Dynein mediates spindle positioning in budding yeast by pulling on astral microtubules (MTs) from the cell cortex. The MT-associated protein She1 regulates dynein activity along astral MTs and directs spindle movements toward the bud cell. In addition to localizing to astral MTs, She1 also targets to the spindle, but its role on the spindle remains unknown. Using function-separating alleles, live-cell spindle assays, and in vitro biochemical analyses, we show that She1 is required for the maintenance of metaphase spindle stability. She1 binds and cross-links MTs via a C-terminal MT-binding site. She1 can also self-assemble into ring-shaped oligomers. In cells, She1 stabilizes interpolar MTs, preventing spindle deformations during movement, and we show that this activity is regulated by Ipl1/Aurora B phosphorylation during cell cycle progression. Our data reveal how She1 ensures spindle integrity during spindle movement across the bud neck and suggest a potential link between regulation of spindle integrity and dynein pathway activity.
Mechanical stability of the spindle is important for various mitotic processes and is particularly critical for cell divisions requiring the spindle to move or orientate to a specific location or cell division axis. Many examples of spindle movements occur during metaphase, including spindle rotation in Drosophila melanogaster neuroblasts (Kaltschmidt et al., 2000), spindle centering in mammalian cultured cells (Collins et al., 2012; Kiyomitsu and Cheeseman, 2012), and spindle (or nuclear) positioning in fungal hyphae (Gibeaux et al., 2017). Proper stability of the spindle is achieved through a balance of opposing forces generated by motor and nonmotor microtubule (MT)-associated proteins (MAPs) located at various sites within the spindle and/or cell cortex (Dumont and Mitchison, 2009; Goshima and Scholey, 2010). In particular, MT cross-linkers that hold the spindle in place can act as passive force resistors (Syrovatkina et al., 2013), resisting the pulling forces exerted on astral MTs during spindle movements. These resistive forces could prevent spindle deformation, ensuring spindle integrity during positioning events, and may operate at the kinetochore and/or the antiparallel MT overlap in the spindle center.
Budding yeast provides an ideal system to dissect the mechanism required for the maintenance of spindle stability during spindle positioning. Its metaphase spindle is relatively small and simple (Winey and O’Toole, 2001; Winey and Bloom, 2012), with 32 kinetochore MTs and ~8 interpolar MTs (ipMTs). Once formed, the metaphase spindle maintains a characteristic length of ~2 µm for ~15–20 min before anaphase, during which it remains fairly rigid and can rotate up to 90° to align along the mother bud axis (Winey and Bloom, 2012). A classic genetic study suggests that the metaphase spindle is stabilized by counteracting forces produced by the kinesin-5 motors Cin8 and Kip1 and the kinesin-14 motor Kar3 (Saunders and Hoyt, 1992). More recent data indicate that additional passive cross-linking proteins are required to maintain proper MT bundling for stable spindle bipolarity during metaphase (Hepperla et al., 2014). However, the proteins involved have not been ascribed, and how their activities might be regulated during cell cycle progression is unknown.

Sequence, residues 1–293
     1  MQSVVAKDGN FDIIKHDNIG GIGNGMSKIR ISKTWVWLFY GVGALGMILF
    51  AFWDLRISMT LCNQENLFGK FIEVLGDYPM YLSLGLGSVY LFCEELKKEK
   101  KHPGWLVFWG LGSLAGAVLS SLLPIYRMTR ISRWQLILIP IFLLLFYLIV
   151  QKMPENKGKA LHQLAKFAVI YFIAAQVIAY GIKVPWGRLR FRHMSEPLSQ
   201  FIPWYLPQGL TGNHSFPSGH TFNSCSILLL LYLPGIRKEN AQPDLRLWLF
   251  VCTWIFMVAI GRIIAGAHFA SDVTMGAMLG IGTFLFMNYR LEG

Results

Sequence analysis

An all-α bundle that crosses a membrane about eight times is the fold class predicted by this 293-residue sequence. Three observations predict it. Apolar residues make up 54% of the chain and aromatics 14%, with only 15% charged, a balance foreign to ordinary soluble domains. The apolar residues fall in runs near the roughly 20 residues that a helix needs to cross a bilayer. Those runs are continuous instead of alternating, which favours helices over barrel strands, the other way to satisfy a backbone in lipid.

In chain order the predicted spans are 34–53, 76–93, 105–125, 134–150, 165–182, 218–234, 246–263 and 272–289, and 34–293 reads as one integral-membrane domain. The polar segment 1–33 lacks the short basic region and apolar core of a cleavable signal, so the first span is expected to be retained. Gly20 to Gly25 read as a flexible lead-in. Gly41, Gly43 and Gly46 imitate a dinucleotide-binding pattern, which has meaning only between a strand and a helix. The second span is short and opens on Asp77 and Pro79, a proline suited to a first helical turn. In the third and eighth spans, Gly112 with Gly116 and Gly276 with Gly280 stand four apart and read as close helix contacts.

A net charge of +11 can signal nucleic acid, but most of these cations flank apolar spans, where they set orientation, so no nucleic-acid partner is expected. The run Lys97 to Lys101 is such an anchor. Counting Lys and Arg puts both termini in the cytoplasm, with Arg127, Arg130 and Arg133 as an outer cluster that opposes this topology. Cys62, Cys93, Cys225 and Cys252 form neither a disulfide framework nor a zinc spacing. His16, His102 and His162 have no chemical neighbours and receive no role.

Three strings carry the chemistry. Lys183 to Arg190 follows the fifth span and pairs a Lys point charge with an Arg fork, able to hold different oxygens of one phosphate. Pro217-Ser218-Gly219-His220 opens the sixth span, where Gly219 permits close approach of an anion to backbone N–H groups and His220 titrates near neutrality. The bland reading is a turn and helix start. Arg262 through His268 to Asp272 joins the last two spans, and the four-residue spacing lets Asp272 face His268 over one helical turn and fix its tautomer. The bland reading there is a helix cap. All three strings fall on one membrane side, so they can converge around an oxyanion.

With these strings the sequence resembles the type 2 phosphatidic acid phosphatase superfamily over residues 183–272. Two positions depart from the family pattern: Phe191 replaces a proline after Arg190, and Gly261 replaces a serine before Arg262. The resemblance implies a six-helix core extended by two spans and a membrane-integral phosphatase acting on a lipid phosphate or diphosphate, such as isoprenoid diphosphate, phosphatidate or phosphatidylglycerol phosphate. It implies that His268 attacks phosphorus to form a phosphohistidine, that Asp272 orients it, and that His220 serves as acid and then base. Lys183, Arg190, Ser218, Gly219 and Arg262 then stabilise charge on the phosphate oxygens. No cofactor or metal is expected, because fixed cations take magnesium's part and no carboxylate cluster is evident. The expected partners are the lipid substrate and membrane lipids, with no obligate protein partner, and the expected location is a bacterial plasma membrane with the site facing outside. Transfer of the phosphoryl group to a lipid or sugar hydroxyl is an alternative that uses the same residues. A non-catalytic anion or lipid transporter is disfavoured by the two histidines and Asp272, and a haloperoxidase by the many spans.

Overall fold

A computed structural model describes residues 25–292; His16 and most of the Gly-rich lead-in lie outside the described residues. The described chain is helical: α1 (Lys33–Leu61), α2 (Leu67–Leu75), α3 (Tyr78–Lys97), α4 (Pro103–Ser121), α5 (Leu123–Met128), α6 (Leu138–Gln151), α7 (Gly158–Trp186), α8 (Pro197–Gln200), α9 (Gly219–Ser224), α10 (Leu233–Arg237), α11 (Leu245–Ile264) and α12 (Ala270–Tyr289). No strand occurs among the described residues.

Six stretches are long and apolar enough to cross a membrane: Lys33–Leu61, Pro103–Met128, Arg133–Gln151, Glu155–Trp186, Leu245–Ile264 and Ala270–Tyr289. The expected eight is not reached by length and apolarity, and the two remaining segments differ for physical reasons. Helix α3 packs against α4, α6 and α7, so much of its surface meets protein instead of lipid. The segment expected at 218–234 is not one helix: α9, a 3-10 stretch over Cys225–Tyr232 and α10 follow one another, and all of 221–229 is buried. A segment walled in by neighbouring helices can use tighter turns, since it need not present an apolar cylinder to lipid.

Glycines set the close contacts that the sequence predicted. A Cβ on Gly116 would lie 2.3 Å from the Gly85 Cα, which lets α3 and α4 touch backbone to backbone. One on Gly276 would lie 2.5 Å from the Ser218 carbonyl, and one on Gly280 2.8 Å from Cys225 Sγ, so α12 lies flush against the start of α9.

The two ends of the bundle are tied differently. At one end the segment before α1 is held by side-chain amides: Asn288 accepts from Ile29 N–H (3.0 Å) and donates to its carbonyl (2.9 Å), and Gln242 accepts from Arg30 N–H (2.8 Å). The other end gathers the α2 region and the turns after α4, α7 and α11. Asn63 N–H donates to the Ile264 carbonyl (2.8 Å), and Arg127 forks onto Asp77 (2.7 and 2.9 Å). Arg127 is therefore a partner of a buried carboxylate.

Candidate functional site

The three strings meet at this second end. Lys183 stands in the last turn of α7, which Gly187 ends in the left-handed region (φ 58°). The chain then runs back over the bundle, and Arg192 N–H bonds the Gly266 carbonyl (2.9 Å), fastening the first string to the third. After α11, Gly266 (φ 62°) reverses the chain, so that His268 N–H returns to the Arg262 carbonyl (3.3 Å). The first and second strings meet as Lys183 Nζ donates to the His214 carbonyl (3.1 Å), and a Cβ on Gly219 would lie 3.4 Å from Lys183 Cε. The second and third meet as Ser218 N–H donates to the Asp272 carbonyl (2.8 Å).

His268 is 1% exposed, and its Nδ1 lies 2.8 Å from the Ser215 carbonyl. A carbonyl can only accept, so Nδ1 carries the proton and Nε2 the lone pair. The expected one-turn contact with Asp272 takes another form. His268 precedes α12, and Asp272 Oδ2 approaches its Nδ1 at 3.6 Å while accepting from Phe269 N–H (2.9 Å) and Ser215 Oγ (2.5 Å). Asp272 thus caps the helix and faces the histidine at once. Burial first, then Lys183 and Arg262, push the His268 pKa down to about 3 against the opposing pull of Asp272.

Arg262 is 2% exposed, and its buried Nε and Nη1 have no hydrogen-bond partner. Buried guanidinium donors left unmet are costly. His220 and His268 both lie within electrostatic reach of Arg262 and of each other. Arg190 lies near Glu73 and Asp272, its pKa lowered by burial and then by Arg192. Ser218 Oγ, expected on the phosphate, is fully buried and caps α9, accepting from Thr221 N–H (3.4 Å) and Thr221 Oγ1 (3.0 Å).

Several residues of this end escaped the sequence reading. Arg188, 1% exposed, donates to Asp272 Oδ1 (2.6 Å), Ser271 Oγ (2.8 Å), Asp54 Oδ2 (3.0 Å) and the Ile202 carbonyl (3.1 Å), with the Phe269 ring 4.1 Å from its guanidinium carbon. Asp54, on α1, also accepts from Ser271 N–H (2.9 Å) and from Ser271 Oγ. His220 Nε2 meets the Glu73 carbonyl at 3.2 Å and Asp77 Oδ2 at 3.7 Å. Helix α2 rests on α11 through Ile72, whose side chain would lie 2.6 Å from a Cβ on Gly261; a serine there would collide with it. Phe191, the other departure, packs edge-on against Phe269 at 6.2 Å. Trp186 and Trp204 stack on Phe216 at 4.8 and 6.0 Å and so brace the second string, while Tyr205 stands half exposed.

To achieve faithful partitioning of duplicated chromosomes, the yeast spindle must pass through a small bud neck (<2 µm wide) between the mother and daughter cell. Dynein moves the metaphase spindle into the neck by pulling on astral MTs from sites at the cell cortex (Adames and Cooper, 2000; Moore et al., 2009b). Remarkably, in kar9Δ cells, the preanaphase (metaphase-like) spindle could withstand dynein-dependent pulling forces that cause it to oscillate back and forth across the bud neck (Yeh et al., 2000; Moore et al., 2009a). These observations suggest that an active mechanism may operate in yeast to maintain spindle integrity against the dynein pulling force, but how such a mechanism might coordinate with dynein activity during spindle translocation is unclear. The dynein pathway in Saccharomyces cerevisiae (Markus et al., 2012a; Cianfrocco et al., 2015) includes components of the dynein and dynactin complexes, the cortical attachment molecule Num1, and regulators that localize to the MT plus ends (Pac1/LIS1, Ndl1/NudEL, Bik1/Clip170, and Kip2) and along the MT lattice (She1). Of these, only She1 localizes to the mitotic spindle (Wong et al., 2007; Woodruff et al., 2009; Pigula et al., 2014).
Here, we have combined genetic and cell biological assays with biochemical and biophysical characterizations to dissect the role of She1 on the spindle MTs. Because SHE1 deletion leads to hyperactivity of cortical dynein (Woodruff et al., 2009; Bergman et al., 2012), which could potentially obscure the analysis of its role on the spindle, we first generated truncation alleles to map the domain required for dynein-regulating activity. Subsequent analysis of the alleles that retained dynein-regulating function revealed an unexpected role for She1 in the maintenance of spindle integrity. We found that She1 stabilizes ipMTs and that this activity is regulated by Ipl1/Aurora B phosphorylation. Our data reveal how She1 coordinates spindle integrity with spindle positioning across the bud neck and offer insight into how metaphase spindles could be stabilized by a passive cross-linking MAP during dynein-mediated spindle movements.